We are dedicated to protecting and supporting the recovery of endangered species. The BCNDP believes it is important to coordinate protection of species at risk with activities to enhance the health of the ecosystem as a whole. We are committed to doing this work in partnership with civil society groups, and with Indigenous Peoples to ensure that the application of Indigenous knowledge, culture and practice is properly reflected in legislation. Doing this work respectfully and properly takes time but we are committed to completing it. We were pleased to hear that Canada is evaluating the federal Species at Risk legislation. We are working with the federal government on pilot projects for species at risk protection and recovery strategies, as well as our Partnership Agreement with the West Moberly, Saulteau and federal governments, to inform legislation with successful measures and ensure that provincial and federal measures are aligned to protect biodiversity and help recover species at risk in BC.
Yes, we commit to working with DFO, First Nations, local communities and industry to cancel open-net pen fish farm tenures, and create a closed-containment land-based fish farming industry. We support the full implementation of the Wild Salmon Advisory Council recommendations and Cohen Commission recommendations, working urgently to enforce all measures within provincial jurisdiction, and we will negotiate strongly with DFO to complete the recommendations under federal jurisdiction.
We need to see far more regulatory and financial support to aid in the creation of a closed-containment land-based fish farm sector. Likewise, we would consult on alternate aquaculture practices that are not polluting, such as the farming of food-grade seaweed, to create new and sustainable employment opportunities. There have been countless studies on what we should do to help wild salmon – what is missing is the political will to action those solutions. We must act urgently and ambitiously to save B.C.’s salmon.
As government, the BC NDP demonstrated an approach to fish farms focused on advancing reconciliation and protecting wild salmon. In June 2018, our government began a historic government-to-government process with ‘Namgis, Kwikwasutinuxw Haxwa’mis and Mamalilikulla First Nations to determine the future of fish farms in the Broughton Archipelago. Now an orderly transition of fish farms out of the Broughton is underway and an important migratory path for our wild salmon is clear. We will immediately engage the federal government on expanding the successful approach we took in the Broughton Archipelago to other areas where we are invited to do so by local First Nations.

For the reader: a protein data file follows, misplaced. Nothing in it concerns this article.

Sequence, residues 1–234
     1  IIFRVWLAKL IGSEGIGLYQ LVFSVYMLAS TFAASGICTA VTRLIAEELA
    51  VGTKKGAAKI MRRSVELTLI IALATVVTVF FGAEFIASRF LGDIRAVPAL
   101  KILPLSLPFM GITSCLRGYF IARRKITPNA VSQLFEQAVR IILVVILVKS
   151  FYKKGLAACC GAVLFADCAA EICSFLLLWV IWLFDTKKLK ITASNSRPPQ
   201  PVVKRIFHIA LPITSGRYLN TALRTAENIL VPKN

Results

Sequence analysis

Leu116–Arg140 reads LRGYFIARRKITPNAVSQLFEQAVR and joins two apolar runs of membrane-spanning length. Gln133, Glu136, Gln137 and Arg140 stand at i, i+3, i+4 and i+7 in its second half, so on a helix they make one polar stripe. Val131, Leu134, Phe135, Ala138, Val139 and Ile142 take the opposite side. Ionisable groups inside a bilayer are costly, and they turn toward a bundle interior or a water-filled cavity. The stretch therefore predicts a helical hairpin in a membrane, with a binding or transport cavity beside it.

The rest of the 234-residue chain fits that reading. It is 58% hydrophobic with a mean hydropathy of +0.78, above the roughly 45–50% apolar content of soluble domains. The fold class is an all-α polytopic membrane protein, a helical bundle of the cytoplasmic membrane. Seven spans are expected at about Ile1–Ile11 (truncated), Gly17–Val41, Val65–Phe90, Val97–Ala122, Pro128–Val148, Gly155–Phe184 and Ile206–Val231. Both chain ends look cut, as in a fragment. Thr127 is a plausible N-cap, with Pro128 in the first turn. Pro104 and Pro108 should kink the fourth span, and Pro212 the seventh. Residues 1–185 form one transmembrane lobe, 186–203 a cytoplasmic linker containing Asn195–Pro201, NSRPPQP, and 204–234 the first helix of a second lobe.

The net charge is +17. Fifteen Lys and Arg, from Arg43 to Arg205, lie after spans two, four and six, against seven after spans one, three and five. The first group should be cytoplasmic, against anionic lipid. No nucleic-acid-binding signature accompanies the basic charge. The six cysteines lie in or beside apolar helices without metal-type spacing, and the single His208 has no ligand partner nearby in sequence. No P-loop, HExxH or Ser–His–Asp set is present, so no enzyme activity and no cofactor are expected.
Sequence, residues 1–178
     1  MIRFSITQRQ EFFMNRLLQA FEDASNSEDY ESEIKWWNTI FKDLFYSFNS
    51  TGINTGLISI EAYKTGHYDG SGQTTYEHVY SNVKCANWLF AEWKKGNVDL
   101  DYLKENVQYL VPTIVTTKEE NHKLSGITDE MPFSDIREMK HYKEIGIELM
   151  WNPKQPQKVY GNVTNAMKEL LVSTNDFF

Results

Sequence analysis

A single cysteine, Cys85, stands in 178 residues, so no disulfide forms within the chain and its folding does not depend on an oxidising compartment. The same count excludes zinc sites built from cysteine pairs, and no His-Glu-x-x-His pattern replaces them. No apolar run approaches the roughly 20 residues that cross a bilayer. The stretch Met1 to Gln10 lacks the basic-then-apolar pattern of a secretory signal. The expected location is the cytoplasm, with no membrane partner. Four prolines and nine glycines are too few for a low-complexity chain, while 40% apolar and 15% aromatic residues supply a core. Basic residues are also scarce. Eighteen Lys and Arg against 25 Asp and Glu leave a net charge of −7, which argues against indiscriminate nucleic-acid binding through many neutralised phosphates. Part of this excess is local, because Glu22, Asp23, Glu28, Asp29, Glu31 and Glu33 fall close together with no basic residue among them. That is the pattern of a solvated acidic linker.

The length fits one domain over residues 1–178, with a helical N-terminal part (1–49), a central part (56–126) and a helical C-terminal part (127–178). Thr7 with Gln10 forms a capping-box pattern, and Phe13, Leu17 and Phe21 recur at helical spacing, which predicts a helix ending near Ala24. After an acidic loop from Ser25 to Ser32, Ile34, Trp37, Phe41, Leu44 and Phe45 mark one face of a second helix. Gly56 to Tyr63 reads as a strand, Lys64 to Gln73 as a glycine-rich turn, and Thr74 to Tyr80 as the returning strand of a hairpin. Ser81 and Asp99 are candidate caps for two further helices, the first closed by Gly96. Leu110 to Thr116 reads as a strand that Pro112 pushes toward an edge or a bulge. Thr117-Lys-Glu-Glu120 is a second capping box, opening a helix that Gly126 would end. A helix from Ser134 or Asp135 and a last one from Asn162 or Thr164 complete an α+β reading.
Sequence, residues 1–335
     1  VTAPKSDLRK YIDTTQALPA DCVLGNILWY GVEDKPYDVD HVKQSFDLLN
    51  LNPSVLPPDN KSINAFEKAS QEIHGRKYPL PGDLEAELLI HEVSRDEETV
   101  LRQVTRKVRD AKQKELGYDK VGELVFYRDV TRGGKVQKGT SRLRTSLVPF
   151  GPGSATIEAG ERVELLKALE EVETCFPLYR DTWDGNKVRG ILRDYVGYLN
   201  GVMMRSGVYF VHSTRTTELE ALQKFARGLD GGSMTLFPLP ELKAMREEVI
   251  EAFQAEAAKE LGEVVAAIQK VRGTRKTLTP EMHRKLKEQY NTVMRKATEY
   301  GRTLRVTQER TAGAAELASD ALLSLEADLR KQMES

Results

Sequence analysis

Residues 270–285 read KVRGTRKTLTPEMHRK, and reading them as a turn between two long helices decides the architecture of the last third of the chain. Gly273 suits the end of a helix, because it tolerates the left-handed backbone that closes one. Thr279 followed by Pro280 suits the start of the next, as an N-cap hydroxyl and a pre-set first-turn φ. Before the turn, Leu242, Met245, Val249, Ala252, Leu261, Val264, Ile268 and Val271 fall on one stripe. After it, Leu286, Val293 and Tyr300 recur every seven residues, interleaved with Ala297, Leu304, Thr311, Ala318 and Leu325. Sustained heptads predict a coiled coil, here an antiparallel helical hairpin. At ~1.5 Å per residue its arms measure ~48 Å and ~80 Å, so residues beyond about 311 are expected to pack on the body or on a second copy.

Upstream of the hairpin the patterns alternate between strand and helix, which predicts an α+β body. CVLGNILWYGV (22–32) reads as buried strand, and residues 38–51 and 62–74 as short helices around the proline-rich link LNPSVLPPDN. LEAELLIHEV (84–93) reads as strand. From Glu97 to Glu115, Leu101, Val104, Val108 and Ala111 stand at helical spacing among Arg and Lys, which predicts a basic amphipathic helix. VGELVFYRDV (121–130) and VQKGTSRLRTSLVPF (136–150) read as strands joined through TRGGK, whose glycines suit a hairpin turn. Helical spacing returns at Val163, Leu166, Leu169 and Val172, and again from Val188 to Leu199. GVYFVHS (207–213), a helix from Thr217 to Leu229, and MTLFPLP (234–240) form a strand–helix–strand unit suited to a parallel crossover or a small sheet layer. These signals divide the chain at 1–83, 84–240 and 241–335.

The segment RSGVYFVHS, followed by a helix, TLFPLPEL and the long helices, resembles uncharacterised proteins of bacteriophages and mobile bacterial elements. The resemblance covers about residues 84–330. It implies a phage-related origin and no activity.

Yes, we are committed to increasing and improving salmon habitat. Through enhancements to funding for wildlife conservation, habitat protection and habitat acquisition, and through our $500 million sustainable jobs plan, we would prioritize improvements to critical habitat to support our salmon runs, and create local jobs in the process.
Yes. Our StrongerBC plan invested $41 million in watershed restoration, including improved diking and culverts, and coastal cleanup of plastic waste and debris. Additionally, we partnered with the federal government to create the $143 million BC Salmon Restoration and Innovation Fund. If re-elected, we would work with the federal government to double this fund, which supports the protection and restoration of priority wild fish stocks, including salmon. Our 2020 platform also commits to creating a watershed security strategy to plan, manage and protect local watersheds for the public good. As part of the strategy, we will seek a partnership with the federal government to establish a Watershed Security Fund to fund Indigenous, local, and regionally led clean water initiatives – and create good, sustainable, local jobs for British Columbians in watershed restoration, monitoring, technology, training, and education.
The Mineral Tenure Act and the Mines Act need to be modernized, to reflect more holistic natural resource management and land use planning, to strengthen protection of the public interest, and to implement DRIPA and be consistent with our duties to Indigenous Nations. We would work with stakeholders in consultation to review and implement changes to these ends.
The BC NDP is committed to reviewing the Mineral Tenure Act and bringing it into line with the UN Declaration on the Rights of Indigenous Peoples – as we are with all legislation in BC. This is a significant undertaking and the priorities are being set jointly with Indigenous leadership. A re-elected NDP government will bring forward an action plan detailing which policies and pieces of legislation will be addressed first.
a) How would your government deal with these legacies?
b) Would you require full bonding upfront to ensure polluters actually pay? and
c) How would you ensure BC can take advantage of the low-carbon economy of the future with more responsible mining practices?
We believe that there is a fundamental role that government, as regulator, is meant to be playing – to regulate an industry, to ensure that an industry is following the rules, and protecting the public interest.